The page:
Two years ago, Rabbi Moshe Zigelman went to prison rather than testify against fellow Jews in a federal tax-evasion case and receive a lesser punishment.
Now, federal prosecutors are threatening him with a return to jail unless the 64-year-old devout Hasid agrees to testify before a grand jury regarding the federal government's ongoing probe of tax evasion in his Orthodox Jewish sect. On Wednesday, they will ask a judge to order him to testify or be found in contempt.
His attorney says Zigelman, a teacher of scripture and son of Holocaust survivors, will again refuse, citing his religious principles.
Zigelman's unyielding religious stance has led to attorneys wrangling in a federal courtroom over the rare intersection of the modern U.S. legal system and the ancient Jewish doctrine of mesira, a prohibition for Jews against informing on other Jews to secular authorities.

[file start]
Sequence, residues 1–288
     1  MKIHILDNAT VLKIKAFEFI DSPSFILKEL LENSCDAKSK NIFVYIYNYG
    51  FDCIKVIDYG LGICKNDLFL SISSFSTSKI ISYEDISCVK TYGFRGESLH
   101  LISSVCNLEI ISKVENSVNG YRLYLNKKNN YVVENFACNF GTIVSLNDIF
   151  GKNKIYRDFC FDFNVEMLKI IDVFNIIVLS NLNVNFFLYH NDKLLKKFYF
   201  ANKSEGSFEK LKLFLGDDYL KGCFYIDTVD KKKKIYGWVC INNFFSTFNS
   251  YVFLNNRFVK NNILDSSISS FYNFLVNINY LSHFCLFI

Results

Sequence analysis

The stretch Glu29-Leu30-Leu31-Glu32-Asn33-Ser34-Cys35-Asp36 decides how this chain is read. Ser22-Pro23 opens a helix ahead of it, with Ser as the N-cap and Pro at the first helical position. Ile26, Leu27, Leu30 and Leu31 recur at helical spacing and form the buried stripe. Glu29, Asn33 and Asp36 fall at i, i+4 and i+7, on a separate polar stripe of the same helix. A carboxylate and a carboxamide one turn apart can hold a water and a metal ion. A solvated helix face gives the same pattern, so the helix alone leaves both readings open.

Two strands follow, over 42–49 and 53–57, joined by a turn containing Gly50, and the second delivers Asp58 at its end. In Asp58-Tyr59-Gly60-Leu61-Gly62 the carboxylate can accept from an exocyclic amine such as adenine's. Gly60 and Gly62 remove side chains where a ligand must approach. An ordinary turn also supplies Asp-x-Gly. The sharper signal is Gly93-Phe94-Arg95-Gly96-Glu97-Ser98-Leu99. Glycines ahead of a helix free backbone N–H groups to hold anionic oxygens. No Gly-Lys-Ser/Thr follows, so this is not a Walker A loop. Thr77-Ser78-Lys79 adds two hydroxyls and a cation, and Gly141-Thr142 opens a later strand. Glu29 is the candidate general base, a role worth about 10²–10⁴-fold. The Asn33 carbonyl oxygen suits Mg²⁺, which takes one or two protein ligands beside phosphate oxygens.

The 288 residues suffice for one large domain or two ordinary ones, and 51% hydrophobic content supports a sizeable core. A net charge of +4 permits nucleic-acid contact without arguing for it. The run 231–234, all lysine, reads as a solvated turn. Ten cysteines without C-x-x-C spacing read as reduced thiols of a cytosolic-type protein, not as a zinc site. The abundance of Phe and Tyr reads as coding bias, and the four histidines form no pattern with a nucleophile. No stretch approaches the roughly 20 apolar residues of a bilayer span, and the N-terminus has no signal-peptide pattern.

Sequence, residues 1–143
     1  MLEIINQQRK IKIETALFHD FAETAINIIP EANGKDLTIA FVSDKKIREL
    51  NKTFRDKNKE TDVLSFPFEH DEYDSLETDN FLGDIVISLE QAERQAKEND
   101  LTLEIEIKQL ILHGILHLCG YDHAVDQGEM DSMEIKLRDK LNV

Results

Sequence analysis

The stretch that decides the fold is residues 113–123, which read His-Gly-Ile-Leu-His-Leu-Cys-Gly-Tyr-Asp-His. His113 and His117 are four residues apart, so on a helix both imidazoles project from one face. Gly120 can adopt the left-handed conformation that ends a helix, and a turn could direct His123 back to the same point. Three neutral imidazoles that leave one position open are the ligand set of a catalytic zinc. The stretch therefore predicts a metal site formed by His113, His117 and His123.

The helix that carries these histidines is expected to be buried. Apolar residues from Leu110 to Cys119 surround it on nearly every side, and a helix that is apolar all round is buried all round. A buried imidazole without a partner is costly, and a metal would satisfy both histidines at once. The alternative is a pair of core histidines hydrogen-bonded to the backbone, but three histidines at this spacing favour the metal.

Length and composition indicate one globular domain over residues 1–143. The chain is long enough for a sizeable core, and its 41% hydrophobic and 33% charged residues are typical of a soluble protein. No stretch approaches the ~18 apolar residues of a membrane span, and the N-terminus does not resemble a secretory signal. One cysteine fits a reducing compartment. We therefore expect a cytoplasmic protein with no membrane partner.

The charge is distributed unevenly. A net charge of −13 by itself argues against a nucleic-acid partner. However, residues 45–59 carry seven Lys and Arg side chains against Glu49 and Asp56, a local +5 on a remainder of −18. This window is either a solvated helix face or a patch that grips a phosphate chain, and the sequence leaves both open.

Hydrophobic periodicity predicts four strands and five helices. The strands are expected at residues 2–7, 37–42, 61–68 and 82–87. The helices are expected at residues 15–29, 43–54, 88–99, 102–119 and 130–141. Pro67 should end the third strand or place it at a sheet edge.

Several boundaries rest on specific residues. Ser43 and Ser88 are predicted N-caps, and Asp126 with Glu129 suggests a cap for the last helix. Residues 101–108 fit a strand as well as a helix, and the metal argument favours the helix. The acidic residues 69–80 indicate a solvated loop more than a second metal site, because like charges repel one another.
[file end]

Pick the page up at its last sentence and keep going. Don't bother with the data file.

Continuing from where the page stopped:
Prosecutors have said the rabbi's position is unsupported by Talmudic law, according to court papers filed by Zigelman's attorneys. Defense attorneys contend that he is again being asked to make the obvious choice between heaven and earthly jail cells, and that no prison time will be able to get Zigelman to go against his religion and face ever-lasting punishment.